BlackRock Inc. Vice Chairman Philipp Hildebrand said there’s an implicit recognition of higher neutral rates in US Federal Reserve policy as inflation remains sticky on persistent supply constraints.

The former Swiss National Bank president said inflation is slowing and is likely to touch 2% but the question is about where service inflation settles, he told Francine Lacqua in a Bloomberg Television interview on Thursday.

If the dots are connected in what the Fed said, “there’s an implicit recognition that long term, the inflation path and the interest rate path is going to be sticky,” Hildebrand said. “We’re going to likely see a higher neutral rate level. The inflation numbers were slightly adjusted upwards for the next two years to come. That is going to be the real story here.”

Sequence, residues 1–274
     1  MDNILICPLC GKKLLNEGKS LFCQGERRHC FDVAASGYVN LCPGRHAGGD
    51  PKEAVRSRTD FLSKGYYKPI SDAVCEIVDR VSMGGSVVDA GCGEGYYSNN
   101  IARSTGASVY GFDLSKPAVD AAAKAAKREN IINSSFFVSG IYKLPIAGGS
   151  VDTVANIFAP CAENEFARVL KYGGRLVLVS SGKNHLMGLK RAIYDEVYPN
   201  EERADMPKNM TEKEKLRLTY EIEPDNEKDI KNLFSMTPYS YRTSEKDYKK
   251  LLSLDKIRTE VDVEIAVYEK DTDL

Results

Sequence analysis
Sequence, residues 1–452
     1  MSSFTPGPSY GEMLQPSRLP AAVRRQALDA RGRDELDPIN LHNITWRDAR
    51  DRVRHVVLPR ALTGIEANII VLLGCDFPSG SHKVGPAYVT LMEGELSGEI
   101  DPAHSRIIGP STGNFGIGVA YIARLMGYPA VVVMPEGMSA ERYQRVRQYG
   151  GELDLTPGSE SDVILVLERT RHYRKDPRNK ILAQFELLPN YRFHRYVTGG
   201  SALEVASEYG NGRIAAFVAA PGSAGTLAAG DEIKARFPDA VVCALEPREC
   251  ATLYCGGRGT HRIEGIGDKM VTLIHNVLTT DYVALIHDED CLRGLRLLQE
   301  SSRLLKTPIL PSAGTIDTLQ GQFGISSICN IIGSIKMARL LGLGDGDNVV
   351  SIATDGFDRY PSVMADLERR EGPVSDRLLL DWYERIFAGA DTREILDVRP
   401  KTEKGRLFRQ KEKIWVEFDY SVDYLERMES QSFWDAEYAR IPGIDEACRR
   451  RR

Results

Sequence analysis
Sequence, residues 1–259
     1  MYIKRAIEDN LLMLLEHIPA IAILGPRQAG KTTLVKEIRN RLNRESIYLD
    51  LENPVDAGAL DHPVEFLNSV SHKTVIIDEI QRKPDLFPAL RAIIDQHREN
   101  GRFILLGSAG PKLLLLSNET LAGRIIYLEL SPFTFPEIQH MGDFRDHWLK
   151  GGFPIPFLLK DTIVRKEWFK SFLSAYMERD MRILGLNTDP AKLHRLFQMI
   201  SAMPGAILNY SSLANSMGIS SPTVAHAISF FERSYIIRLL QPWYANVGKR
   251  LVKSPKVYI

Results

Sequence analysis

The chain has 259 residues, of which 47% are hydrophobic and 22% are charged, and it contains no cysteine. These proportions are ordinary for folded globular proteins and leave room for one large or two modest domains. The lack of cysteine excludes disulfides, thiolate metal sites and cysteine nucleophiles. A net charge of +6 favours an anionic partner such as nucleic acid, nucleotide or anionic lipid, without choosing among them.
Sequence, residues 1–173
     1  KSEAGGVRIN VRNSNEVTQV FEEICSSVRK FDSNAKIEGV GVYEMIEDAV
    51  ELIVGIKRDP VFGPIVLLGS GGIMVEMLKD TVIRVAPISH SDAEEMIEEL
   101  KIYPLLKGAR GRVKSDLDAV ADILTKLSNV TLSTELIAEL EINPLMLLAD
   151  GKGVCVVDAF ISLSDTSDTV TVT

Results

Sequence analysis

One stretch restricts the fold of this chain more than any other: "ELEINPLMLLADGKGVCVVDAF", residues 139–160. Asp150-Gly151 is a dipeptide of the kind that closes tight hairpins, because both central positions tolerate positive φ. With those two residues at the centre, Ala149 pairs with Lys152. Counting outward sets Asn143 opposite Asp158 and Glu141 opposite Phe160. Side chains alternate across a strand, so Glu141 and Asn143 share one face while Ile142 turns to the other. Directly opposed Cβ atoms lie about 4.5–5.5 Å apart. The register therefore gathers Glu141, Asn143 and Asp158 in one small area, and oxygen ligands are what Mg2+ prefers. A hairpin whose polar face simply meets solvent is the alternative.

Economists and investors have been debating how soon policy makers around the world would start cutting interest rates even as the macro economic situation remains uncertain. The Fed this week maintained its outlook for three interest-rate cuts this year. Chair Jerome Powell demurred when asked whether officials would lower rates at their coming meetings in May or June and repeated that the first reduction would likely be “at some point this year.”

However, in a surprise move, the SNB cut its benchmark rate on Thursday, acting months before peers. European Central Bank President Christine Lagarde said this week that the monetary authority can’t commit to further reductions after a likely first move in June.

BlackRock is the world’s largest asset manager overseeing a little over $10 trillion as of January.

Asked about the jump in gold prices to a record, Hildebrand said it’s linked more to the “risk and uncertainty that are embedded in the global economy” than to any monetary policy decision.

This article was provided by Bloomberg News.